Testing out an AI approach means that we need a large quantity of relevant training data. This means that we need a way of quickly generating and solving many fluid flows involving similar phenomena. As vorticity is a major component of many flows, we decided to hit two targets at once; we’re not only going to generate training data, but we’ll do so using a conventional CFD method which could also be solved using optical technology.
Everything in this section is solved using conventional electronics because we want to be able to use it to test out a deep learning network that uses our optics. That means we need to be able to make comparisons to the electronic solution, but it’s worth keeping in mind that the technique we previously described for performing large Fourier transforms using a Fourier optical processor can also be applied here, with all of the associated benefits for power consumption and speed.
In our last article, we described the fundamental equations of fluid motion, the Navier-Stokes equations. The Navier-Stokes equations are a set of partial differential equations (PDEs) in which mathematical objects called operatorsact on parameters of the flow. Currently, the dominant method of calculating fluid flow involves dividing the flow region into thousands or even millions of smaller volumes known as a mesh.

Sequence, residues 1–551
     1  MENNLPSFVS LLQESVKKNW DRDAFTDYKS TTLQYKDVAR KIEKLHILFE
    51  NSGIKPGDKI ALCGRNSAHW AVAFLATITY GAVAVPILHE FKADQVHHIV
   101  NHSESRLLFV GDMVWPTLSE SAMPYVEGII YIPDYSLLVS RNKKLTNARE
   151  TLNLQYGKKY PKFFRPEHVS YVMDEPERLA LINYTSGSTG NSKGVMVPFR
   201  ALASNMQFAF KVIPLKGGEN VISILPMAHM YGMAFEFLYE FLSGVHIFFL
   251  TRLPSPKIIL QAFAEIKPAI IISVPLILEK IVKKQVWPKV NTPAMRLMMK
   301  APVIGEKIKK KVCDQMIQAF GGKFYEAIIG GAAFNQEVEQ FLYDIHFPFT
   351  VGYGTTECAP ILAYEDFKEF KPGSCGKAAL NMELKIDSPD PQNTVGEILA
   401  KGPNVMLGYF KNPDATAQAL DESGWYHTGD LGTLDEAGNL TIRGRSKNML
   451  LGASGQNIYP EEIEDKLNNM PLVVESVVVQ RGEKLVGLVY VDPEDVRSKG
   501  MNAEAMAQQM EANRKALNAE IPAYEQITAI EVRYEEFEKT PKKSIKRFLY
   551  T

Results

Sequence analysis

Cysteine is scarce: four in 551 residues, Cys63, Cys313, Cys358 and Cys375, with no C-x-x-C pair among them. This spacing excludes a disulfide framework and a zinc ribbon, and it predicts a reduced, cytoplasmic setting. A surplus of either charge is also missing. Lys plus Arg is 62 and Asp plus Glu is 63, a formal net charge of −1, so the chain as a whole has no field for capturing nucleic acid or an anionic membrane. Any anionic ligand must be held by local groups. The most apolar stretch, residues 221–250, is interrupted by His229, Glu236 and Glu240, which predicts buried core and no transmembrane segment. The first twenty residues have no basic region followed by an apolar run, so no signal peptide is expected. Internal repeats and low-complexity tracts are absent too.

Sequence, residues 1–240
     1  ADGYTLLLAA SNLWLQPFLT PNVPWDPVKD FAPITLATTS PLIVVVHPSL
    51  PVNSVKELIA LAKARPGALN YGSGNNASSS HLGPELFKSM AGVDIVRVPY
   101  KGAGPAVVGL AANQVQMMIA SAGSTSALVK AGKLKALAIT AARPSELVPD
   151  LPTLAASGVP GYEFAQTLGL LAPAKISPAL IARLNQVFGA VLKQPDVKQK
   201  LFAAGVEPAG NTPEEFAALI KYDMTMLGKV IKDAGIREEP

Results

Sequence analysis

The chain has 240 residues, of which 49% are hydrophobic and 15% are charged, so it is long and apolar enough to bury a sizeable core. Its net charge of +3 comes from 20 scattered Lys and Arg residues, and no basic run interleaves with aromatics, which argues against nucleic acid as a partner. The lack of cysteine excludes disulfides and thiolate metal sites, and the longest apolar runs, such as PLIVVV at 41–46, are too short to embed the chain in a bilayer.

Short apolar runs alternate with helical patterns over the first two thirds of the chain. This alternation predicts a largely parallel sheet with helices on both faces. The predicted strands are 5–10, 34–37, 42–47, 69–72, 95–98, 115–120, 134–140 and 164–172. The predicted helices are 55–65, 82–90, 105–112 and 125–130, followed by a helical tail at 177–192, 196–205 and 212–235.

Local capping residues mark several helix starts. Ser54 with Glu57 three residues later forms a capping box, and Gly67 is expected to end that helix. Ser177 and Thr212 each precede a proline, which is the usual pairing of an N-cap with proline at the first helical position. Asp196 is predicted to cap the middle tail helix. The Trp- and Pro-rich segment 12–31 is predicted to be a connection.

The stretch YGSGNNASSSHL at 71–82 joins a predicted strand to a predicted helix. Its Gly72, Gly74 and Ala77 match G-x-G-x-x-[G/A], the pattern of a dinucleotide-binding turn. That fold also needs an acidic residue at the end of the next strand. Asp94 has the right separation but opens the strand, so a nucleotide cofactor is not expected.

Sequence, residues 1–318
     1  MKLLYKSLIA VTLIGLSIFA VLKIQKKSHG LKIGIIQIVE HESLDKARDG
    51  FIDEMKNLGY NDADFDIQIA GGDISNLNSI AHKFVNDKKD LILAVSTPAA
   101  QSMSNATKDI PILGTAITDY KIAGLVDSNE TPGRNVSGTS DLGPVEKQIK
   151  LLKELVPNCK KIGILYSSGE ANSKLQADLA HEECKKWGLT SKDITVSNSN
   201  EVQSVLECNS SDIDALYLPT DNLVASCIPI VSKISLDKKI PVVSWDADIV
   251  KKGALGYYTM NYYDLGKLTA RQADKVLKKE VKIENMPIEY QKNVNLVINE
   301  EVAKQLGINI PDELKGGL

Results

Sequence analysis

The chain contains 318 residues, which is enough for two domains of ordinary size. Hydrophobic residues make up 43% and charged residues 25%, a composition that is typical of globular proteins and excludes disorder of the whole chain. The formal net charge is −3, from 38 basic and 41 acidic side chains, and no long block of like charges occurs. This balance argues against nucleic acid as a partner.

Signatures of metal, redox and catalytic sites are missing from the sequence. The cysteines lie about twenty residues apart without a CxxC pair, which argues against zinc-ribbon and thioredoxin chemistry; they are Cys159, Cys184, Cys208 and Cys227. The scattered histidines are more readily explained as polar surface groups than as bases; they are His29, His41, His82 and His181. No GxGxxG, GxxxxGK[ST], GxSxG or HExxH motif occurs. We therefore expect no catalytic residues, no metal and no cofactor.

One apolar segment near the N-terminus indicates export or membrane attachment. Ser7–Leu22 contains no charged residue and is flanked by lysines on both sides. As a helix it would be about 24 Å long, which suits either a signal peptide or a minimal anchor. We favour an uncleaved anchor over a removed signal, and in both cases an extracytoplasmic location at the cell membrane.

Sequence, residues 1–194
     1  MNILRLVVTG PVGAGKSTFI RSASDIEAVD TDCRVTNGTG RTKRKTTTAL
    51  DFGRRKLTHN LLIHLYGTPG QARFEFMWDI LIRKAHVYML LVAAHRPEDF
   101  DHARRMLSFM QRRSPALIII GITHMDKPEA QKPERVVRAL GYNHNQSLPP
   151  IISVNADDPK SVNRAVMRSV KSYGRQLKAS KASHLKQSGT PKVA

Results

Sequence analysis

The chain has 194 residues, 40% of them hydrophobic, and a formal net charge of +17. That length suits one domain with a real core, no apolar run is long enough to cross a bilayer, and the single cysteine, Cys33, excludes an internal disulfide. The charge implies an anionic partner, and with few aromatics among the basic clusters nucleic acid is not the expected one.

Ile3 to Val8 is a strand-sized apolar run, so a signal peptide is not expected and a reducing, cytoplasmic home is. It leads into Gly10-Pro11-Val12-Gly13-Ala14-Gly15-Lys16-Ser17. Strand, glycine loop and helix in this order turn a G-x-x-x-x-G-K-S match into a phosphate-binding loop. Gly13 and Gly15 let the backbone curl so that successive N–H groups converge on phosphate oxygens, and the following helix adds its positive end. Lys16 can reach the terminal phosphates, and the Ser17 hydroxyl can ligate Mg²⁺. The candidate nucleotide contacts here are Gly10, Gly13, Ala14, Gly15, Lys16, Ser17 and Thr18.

In this “finite-volume” approach, the Navier-Stokes equations are then used to construct a set of transport equations which can be used to calculate the movement of fluid properties between cells. By repeatedly solving these transport equations over small time periods, we can get a numerical approximation to the behaviour of the flow.
There are many different ways of expressing the Navier-Stokes equations, depending on the flow configuration and on the various assumptions we can make to simplify the problem. In order to demonstrate how optical neural networks can be used to solve these equations, we focus on a comparatively simple formulation which exhibits many of the important properties of more general setups. The first simplification we make is to assume the flow is incompressible, which means that it has the same density at every point in the flow. The second is to reduce the number of dimensions of the problem, from the usual three spatial dimensions to two. The Navier-Stokes equations may then be written as:
We’ll briefly explain the meaning of each symbol used in this set of equations:
The boldface letter u represents the velocity field of the flow. It is a vector with two real components, which determines the direction and speed of the fluid at each point.